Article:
Biola Alabi’s dream for an American career such as being a lawyer, doctor or engineer died in Ohio when she visited a family friend for dinner. Despite being just a child then, she made up her mind to return to Nigeria and change the African narrative and stereotype in the west.
Today, Alabi is revolutionizing the African film and broadcasting industry. Her focus is on the content produced locally. She is the brain behind the Africa Magic Viewers’ Choice Awards, the “African Oscars,” some indigenous languages, and seven channels of Africa Magic.
Alabi’s perspective of the world had been honed after living in Cincinnati and Seoul in South Korea. She dropped her dream of becoming a doctor for a media role because she realized that was the tool she could use to transform her mother country, Nigeria, and Africa as a whole.
According to the 45 year-old mogul, monthly periods are spoken about more than issues around health and women. Women have been left to learn things on their own through experience.
After her graduation, Alabi worked on “Sesame Street,” a classic TV show for children. She worked on a project, which was her first, that aimed at helping parents discuss the 9/11 attacks with their children. She got to explore Africa while engaging in international projects run by Sesame Street.
Alabi’s desire to work on the African continent grew while she worked on projects in Africa. She specifically points out a time in Tanzania when the way locals engaged with their content, despite being in a foreign language, inspired her to follow her new-found dream.
Alabi relocated to Lagos, Nigeria in 2008. She found out the continent lacked a Sesame Street version specific to the continent. While working for M-Net Africa, she launched the African Oscars with an aim of telling distinct local stories. To help her connect storytellers with distribution and funding, she began the Biola Alabi Media for consultancy purposes.
Alabi has challenged the stereotypes in Nollywood, the film industry in Nigeria. She has been telling stories like never before. She produces films that appeal to locals in Nigeria, Africa and the entire world. A good example is the “Lara and the Beat,” a film about two sisters with financial troubles who get to rebuild their lives from nothing.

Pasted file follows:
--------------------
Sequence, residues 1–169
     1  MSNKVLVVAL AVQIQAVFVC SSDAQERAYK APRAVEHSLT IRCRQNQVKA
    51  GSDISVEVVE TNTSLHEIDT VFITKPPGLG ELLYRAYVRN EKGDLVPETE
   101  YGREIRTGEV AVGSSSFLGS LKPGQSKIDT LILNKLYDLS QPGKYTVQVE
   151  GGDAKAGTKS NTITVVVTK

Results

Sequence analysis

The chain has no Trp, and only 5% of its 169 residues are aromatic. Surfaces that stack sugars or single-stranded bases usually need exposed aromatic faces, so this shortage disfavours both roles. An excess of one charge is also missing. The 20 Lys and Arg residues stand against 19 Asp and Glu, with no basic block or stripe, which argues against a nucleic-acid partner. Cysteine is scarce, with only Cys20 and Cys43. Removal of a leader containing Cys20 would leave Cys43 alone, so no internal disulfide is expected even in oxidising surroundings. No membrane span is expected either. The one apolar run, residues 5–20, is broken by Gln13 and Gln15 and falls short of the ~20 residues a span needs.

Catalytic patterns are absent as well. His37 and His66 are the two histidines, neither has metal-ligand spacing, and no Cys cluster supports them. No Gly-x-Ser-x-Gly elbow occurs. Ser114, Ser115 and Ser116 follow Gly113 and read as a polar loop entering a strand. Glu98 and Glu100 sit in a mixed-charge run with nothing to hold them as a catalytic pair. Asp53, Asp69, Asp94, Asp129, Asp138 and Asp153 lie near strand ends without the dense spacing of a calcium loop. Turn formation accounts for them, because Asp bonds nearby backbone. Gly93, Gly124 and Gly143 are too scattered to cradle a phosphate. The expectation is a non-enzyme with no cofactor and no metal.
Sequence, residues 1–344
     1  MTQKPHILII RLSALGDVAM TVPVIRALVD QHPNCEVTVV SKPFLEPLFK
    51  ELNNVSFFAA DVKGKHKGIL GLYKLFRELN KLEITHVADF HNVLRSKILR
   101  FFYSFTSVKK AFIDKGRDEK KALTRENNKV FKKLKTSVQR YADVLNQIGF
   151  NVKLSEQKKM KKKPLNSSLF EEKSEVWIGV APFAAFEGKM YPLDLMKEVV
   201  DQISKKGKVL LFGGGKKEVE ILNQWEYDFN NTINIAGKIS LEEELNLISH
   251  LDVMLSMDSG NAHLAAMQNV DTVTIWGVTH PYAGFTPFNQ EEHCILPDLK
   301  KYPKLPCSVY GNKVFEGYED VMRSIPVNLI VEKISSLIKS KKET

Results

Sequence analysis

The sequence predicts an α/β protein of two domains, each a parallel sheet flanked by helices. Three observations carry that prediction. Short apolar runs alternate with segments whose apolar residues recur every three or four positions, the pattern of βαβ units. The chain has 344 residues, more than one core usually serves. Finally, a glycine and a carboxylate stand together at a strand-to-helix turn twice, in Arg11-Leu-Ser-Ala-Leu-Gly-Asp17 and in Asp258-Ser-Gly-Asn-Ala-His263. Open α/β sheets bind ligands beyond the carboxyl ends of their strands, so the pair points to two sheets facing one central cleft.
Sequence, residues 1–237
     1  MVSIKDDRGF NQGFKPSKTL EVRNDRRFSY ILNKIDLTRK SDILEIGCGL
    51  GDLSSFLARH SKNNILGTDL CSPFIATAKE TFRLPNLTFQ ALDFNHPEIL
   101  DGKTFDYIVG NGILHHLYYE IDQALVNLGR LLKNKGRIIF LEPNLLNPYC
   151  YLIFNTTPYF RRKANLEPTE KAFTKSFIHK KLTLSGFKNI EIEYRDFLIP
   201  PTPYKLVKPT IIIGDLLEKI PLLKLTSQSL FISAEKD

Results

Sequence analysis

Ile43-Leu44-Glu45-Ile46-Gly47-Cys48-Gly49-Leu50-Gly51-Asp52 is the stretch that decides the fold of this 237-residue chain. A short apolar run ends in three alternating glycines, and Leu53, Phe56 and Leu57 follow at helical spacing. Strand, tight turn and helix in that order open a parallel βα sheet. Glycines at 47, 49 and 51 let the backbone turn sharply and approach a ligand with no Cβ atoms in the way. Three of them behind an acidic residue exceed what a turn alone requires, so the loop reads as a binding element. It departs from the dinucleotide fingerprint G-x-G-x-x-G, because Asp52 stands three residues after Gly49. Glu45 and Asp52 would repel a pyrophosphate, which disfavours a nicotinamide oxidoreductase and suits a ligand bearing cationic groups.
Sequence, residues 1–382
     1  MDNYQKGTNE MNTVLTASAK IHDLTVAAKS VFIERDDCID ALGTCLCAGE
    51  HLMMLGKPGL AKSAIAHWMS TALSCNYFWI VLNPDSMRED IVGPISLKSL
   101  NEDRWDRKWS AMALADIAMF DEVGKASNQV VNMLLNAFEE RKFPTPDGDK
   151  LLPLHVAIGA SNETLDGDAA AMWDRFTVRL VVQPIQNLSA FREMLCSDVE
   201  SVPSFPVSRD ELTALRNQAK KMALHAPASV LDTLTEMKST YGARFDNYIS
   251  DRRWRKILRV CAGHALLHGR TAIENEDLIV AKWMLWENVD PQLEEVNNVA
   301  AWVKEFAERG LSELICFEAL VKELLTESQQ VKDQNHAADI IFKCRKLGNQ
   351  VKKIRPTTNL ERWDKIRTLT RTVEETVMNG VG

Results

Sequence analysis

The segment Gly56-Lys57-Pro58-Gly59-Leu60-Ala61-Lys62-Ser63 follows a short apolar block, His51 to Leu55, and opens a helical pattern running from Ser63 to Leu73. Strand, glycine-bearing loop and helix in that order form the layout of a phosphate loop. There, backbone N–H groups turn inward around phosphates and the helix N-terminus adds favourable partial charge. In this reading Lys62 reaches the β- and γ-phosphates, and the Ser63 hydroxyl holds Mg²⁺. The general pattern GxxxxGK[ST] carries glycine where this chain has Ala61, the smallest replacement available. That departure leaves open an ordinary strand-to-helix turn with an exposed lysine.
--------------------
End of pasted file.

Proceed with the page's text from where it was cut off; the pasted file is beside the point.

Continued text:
Alabi also plans to develop a nuanced and diverse positive role models for African females. Additionally, she intends to produce a series that discusses health issues and women issues, everything the society never talks about. The mogul intends to complement the series with books, to share with parents.
Having been born and raised outside Nigeria, she developed critics of her works, with some stating that her movies are influenced with western ideas, and thus not truly local. Her works have drawn attention both locally and internationally. As a result, she was listed in the top 100 Female Executives 2018 list on Financial Times. She also appeared in the 2012 Forbes top 20 Youngest Power Women in Africa.
Alabi has also taken part in “Big Brother Africa,” a reality show. In 2010 she began the “Face of Africa” in Lagos, Nigeria. Her number 1 food show dubbed “Bukas and Joints” is broadcast on channels in both Africa and the U.S.
With Nigerian being home to over 10.5 million children who are out of school, Alabi is determined to use technology to ensure that more children have access to education. She’s using media, specifically series, internet content accessible from mobile phones, movies and TV shows to give young Africans free access to informational and educational content.
Alabi is confident and takes time to respond to interview questions. She’s Nigeria’s, media renaissance face and loves both books and travel. She has a good sense of fashion and knows how to live a balanced life. Her “Grooming for Greatness” program is purposed to redefine Africa’s leaders in the next generation.
In her own words, she is strong, ambitious and driven to achieve her goals and dreams. And, with everyone’s efforts, she believes there can be a great impact on the African entertainment industry.